Though only trees and awnings are down where I am, I have power. I don't live in the valley area anymore, but part of my heart is still there.
But having been in disasters before, I know that for the first few hours, you need to rely on your neighbors, and you may all have to be first responders together. But after that, it's the Federal Emergency Management Administration. Contrary to Mitt Romney, who would dismantle FEMA, the magic of the marketplace just doesn't cover it.
The states have a very mixed record in providing disaster relief and recovery. Longer term recovery is not even something the Red Cross or the churches can take care of, though they all play an important role initially. And with rampant energy companies and insurance companies doing their thing, leaving many residents between a rock and a hard place, we should not confuse our desire for a smarter government with weakening its services and protections.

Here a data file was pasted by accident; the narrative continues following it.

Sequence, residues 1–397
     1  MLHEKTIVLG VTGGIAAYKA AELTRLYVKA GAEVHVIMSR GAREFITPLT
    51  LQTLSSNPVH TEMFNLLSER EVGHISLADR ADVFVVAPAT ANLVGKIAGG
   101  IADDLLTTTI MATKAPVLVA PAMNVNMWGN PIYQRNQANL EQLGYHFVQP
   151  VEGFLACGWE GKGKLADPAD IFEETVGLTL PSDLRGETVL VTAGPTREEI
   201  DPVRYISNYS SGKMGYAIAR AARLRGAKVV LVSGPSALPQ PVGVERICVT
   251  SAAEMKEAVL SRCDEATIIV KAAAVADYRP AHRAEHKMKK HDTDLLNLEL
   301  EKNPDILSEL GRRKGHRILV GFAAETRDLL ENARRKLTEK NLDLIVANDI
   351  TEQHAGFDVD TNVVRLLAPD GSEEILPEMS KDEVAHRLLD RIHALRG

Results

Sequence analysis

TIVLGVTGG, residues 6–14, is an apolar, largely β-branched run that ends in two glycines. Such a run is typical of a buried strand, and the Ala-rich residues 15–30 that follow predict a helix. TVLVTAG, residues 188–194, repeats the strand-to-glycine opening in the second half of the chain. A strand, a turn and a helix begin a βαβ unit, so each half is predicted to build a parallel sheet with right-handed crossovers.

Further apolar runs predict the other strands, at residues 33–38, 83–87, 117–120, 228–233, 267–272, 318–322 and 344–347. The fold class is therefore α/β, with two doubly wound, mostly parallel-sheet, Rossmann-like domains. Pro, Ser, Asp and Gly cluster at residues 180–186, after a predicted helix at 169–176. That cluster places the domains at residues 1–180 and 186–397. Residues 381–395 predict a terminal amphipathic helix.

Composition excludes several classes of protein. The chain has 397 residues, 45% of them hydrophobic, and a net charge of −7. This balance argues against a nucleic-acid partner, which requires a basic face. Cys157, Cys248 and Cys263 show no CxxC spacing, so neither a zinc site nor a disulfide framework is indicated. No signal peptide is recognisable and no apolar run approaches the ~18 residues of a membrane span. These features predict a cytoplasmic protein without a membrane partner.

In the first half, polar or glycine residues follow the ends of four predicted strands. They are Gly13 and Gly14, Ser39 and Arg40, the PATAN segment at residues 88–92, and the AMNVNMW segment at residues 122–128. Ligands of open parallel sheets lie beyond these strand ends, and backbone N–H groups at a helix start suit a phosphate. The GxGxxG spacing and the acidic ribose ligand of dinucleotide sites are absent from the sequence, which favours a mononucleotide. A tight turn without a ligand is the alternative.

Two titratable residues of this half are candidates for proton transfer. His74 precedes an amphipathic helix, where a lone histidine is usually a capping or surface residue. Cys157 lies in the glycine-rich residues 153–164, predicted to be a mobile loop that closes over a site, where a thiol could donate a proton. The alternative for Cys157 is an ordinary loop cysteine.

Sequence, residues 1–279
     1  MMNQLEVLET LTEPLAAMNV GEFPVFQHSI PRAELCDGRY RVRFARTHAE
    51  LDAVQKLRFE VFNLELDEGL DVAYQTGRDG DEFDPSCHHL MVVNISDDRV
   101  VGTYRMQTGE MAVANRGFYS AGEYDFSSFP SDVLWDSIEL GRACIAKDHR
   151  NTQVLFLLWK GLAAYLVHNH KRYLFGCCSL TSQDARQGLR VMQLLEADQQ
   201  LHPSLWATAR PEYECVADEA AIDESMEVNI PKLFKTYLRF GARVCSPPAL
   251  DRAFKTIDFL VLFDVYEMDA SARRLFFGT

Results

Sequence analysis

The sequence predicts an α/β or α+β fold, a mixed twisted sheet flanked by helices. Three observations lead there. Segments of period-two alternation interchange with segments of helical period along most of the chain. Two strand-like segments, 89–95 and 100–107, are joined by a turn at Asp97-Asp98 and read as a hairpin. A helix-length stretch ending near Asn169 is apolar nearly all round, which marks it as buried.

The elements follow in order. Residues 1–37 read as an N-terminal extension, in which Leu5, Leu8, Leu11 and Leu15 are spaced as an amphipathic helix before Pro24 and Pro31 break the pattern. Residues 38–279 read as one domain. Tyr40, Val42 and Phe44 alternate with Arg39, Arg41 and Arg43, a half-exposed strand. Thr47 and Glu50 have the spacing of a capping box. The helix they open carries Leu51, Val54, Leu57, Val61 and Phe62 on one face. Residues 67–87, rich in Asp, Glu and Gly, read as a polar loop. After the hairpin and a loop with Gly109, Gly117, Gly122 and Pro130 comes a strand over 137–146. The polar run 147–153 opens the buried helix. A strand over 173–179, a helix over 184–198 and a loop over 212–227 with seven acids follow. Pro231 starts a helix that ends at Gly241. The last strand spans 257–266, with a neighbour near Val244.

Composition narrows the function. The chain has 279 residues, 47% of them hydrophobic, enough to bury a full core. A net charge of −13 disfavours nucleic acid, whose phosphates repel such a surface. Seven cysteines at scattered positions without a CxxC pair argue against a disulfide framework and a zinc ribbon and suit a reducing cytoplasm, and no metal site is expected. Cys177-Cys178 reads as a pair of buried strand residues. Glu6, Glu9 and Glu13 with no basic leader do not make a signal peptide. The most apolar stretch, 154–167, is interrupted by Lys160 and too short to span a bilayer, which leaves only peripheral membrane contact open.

Many of us have reduced resources because of the financial disaster - a legacy of the Bush years but also the worsening congressional policies of a generation, in thrall to the magic of the marketplace. I for one don't want to see further promotion of an ideology of irresponsible deregulation - and expensive privatization of services - that led us to this uncertain shore. I am unconvinced by Paul Ryan's and Romney's fear mongering and diversionary moves.
However, while it seems early to point fingers, I would suggest that this latest, natural disaster is a reminder that the warming seas can have negative consequences (that could be far worse than what has been happening) and that our national leaders need to get a grip on climate change and not expect the market - or their friends in the energy sector- to take care of this problem. We all may need to sacrifice and pay more at the pump, but Congress needs to stand up to Big Oil - for a change. Or we will all being paying for it for generations to come.
Paul Adams, Astoria, N.Y.